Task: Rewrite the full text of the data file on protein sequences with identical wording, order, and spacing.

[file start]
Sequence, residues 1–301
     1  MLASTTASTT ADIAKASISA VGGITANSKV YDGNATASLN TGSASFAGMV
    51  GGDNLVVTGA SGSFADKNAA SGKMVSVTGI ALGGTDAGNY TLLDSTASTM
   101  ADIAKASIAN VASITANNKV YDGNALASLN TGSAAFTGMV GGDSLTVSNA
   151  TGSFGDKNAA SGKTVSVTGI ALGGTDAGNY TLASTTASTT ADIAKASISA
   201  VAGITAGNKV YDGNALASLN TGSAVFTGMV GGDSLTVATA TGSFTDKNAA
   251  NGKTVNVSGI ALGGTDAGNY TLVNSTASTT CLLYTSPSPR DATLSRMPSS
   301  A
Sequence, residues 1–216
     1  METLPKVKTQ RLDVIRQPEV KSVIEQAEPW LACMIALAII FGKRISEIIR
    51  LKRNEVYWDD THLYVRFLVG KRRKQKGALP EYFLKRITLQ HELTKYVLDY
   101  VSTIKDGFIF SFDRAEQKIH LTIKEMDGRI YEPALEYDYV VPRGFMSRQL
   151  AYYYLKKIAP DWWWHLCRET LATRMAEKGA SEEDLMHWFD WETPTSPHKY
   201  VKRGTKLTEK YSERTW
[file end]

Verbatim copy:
Sequence, residues 1–301
     1  MLASTTASTT ADIAKASISA VGGITANSKV YDGNATASLN TGSASFAGMV
    51  GGDNLVVTGA SGSFADKNAA SGKMVSVTGI ALGGTDAGNY TLLDSTASTM
   101  ADIAKASIAN VASITANNKV YDGNALASLN TGSAAFTGMV GGDSLTVSNA
   151  TGSFGDKNAA SGKTVSVTGI ALGGTDAGNY TLASTTASTT ADIAKASISA
   201  VAGITAGNKV YDGNALASLN TGSAVFTGMV GGDSLTVATA TGSFTDKNAA
   251  NGKTVNVSGI ALGGTDAGNY TLVNSTASTT CLLYTSPSPR DATLSRMPSS
   301  A
Sequence, residues 1–216
     1  METLPKVKTQ RLDVIRQPEV KSVIEQAEPW LACMIALAII FGKRISEIIR
    51  LKRNEVYWDD THLYVRFLVG KRRKQKGALP EYFLKRITLQ HELTKYVLDY
   101  VSTIKDGFIF SFDRAEQKIH LTIKEMDGRI YEPALEYDYV VPRGFMSRQL
   151  AYYYLKKIAP DWWWHLCRET LATRMAEKGA SEEDLMHWFD WETPTSPHKY
   201  VKRGTKLTEK YSERTW